• a rigid body posture and a soft voice during social interactions
  • difficulty making or maintaining eye contact
  • sensitivity to criticism, low self-esteem, and negative self-talk
  • These symptoms can greatly disrupt daily life, such as school, work, and relationships.

Without treatment, the person may not achieve their potential at school or work, as they may avoid participating in group tasks, speaking in front of groups, or receiving a promotion.

When severe or chronic, social anxiety can lead to the development of other conditions, such as depression or substance use disorders.

In children, the symptoms appear in interactions with both adults and peers. Their feelings of anxiety might appear as:

  • crying
  • throwing tantrums
  • freezing
  • clinging to a parent or caregiver
  • shrinking
  • not speaking in social situations


Various treatment options can help people manage their symptoms, gain confidence, and overcome their anxiety. Treatment results differ from person to person.

Of all the professional treatments available, cognitive-behavioral therapy (CBT) has been shown to work best for treating social anxiety disorder. CBT is based on the premise that what you think affects how you feel, and your feelings affect your behavior. So if you change the way you think about social situations that give you anxiety, you’ll feel and function better.

CBT for social phobia may involve:

  • Learning how to control the physical symptoms of anxiety through relaxation techniques and breathing exercises.
    Challenging negative, unhelpful thoughts trigger and fuel social anxiety, help to replace them with more balanced views.
  • Facing the social situations you fear in a gradual, systematic way, rather than avoiding them.
    While you can learn and practice these exercises on your own, if you’ve had trouble with self-help, you may benefit from the extra support and guidance a therapist brings.
  • Role-playing, social skills training, and other CBT techniques are the parts of group therapy. Group therapy uses acting, videotaping and observing mock interviews, and other exercises to work on situations that make you anxious in the real world. As you practice and prepare for situations you’re afraid of, you will become more and more comfortable, and your anxiety will lessen.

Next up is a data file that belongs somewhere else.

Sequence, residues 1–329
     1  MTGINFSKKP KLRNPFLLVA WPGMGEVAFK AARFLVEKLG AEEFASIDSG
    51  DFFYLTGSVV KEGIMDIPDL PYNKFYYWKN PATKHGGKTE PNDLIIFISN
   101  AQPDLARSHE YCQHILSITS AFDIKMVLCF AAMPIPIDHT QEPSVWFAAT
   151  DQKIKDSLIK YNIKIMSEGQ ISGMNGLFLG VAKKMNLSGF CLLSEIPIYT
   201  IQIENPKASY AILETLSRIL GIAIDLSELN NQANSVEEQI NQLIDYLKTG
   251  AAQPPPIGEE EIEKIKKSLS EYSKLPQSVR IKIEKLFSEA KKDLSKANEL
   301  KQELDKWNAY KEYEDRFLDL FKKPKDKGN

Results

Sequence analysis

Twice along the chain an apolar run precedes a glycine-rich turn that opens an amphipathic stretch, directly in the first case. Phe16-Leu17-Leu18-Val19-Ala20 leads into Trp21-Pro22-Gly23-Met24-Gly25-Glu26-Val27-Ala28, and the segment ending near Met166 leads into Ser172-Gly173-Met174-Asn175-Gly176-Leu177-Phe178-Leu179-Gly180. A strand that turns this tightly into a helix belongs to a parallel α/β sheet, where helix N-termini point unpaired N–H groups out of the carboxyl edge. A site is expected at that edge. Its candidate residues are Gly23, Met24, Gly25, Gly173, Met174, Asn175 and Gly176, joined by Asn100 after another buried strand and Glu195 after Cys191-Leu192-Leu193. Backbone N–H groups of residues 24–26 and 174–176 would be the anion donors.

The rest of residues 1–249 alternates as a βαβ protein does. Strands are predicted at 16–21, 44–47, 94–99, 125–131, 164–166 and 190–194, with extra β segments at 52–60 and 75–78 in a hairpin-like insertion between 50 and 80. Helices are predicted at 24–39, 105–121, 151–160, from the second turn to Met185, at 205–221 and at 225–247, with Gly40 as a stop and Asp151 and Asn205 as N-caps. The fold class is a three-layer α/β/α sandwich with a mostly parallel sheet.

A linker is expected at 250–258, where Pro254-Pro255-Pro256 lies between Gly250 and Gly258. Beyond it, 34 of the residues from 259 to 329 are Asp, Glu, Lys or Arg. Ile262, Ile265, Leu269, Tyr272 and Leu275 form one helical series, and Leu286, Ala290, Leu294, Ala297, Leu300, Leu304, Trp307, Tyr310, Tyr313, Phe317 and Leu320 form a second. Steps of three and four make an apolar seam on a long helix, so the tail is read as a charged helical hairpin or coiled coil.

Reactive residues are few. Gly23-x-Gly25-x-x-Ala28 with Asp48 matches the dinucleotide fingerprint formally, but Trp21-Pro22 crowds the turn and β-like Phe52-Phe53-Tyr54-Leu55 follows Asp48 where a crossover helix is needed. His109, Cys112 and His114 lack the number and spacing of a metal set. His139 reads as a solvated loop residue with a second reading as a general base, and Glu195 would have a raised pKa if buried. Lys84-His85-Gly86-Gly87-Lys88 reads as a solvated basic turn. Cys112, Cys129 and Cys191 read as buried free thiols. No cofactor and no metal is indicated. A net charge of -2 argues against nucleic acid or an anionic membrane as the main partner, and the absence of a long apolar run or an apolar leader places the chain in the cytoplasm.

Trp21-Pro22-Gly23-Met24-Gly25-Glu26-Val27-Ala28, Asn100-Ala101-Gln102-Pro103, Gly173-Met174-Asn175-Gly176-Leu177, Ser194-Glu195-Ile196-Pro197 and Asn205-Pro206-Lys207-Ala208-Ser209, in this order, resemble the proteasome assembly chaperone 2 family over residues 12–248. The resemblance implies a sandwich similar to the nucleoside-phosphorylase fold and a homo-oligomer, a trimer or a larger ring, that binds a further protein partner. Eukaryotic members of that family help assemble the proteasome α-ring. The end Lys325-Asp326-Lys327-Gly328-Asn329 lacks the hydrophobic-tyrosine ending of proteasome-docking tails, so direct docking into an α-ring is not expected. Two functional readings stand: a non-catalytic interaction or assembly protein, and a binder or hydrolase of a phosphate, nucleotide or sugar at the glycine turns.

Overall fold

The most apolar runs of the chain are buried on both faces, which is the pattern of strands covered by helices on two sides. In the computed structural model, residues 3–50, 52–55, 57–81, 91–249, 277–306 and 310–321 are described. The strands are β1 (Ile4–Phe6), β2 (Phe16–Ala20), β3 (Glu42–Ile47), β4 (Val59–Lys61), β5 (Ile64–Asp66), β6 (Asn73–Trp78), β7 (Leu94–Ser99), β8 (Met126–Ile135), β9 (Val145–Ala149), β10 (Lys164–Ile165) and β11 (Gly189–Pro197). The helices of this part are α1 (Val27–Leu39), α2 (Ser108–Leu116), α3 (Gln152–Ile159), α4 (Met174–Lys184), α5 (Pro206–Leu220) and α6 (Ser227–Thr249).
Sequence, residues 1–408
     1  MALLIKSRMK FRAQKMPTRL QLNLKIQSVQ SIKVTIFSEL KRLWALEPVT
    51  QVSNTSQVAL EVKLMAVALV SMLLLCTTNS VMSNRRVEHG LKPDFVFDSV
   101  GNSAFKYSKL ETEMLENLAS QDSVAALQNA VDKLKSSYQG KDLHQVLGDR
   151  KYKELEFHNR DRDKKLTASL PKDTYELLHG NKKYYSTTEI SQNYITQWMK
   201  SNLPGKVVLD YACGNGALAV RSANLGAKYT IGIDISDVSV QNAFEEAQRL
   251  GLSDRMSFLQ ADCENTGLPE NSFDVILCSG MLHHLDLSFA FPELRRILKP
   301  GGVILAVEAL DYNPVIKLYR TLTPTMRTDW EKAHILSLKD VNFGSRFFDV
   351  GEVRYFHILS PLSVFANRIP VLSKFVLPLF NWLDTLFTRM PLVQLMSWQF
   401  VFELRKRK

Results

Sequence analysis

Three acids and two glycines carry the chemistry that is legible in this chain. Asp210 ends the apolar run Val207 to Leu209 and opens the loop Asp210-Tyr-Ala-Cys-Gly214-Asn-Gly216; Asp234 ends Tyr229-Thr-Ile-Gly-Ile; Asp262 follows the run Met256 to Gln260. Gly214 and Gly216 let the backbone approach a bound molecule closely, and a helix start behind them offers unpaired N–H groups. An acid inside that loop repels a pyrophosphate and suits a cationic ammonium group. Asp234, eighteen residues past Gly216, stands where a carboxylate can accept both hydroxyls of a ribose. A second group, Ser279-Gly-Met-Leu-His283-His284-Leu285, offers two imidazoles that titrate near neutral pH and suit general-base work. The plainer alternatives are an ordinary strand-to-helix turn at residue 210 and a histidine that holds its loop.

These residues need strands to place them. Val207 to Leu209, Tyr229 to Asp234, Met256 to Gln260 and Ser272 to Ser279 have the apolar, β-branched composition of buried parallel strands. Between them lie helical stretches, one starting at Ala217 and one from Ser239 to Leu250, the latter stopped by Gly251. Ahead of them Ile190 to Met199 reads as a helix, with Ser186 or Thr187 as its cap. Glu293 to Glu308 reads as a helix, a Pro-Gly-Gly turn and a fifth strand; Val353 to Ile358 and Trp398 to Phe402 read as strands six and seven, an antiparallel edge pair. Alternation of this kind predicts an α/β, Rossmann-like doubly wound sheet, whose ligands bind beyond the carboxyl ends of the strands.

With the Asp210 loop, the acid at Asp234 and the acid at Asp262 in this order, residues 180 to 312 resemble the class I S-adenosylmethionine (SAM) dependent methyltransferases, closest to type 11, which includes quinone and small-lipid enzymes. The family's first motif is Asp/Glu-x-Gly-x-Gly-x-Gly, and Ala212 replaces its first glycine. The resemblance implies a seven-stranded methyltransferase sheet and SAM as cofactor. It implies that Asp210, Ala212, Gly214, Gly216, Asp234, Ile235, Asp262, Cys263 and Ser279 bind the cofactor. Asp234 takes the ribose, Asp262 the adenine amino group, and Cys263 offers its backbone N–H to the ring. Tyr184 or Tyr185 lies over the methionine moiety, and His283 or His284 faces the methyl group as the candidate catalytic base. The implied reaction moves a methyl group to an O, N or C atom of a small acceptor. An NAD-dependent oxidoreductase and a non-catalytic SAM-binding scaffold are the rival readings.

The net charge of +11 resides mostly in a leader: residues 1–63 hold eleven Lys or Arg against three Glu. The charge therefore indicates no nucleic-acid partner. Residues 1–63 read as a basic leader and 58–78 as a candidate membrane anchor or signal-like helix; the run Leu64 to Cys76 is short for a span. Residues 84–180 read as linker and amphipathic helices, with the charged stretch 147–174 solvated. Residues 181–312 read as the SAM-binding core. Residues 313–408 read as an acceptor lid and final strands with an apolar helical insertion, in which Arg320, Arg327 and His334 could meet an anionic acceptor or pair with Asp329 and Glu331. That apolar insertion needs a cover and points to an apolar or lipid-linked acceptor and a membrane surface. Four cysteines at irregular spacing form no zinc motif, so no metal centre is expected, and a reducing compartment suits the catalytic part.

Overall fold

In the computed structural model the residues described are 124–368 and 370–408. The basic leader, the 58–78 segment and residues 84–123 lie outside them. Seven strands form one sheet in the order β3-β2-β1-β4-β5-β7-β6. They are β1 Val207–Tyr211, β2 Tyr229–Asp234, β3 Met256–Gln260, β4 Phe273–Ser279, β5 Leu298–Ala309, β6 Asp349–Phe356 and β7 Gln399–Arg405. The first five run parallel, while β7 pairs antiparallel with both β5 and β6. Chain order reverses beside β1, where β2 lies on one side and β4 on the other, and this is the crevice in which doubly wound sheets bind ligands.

• Medication – Medication is sometimes used to relieve the symptoms of social anxiety, but it’s not a cure. Medication is considered most helpful when used in addition to therapy and self-help techniques that address the root cause of your social anxiety disorder.

Three types of medication are used in the treatment of social anxiety:

    • Beta-blockers are used for relieving performance anxiety. While they don’t affect the emotional symptoms of anxiety, they can control physical symptoms such as shaking hands or voice, sweating, and rapid heartbeat.
    • Antidepressants may be helpful when a social anxiety disorder is severe and debilitating.
    • Selective serotonin reuptake inhibitors (SSRIs), which people mainly use as antidepressants, can also help with the symptoms of social anxiety disorder. Serotonin is a chemical in the brain that helps regulate mood. An overactive amygdala (a structure in the brain that controls fear response and feelings or thoughts of anxiety) may also cause these disorders.
    • Benzodiazepines are fast-acting anti-anxiety medications. However, they are sedating and addictive, so are typically prescribed only when other medications have not worked.

If you notice symptoms of social phobia in your loved ones, call us on 469-545-9983 to book an appointment with Dr, Seema Kazi, our expert psychologist.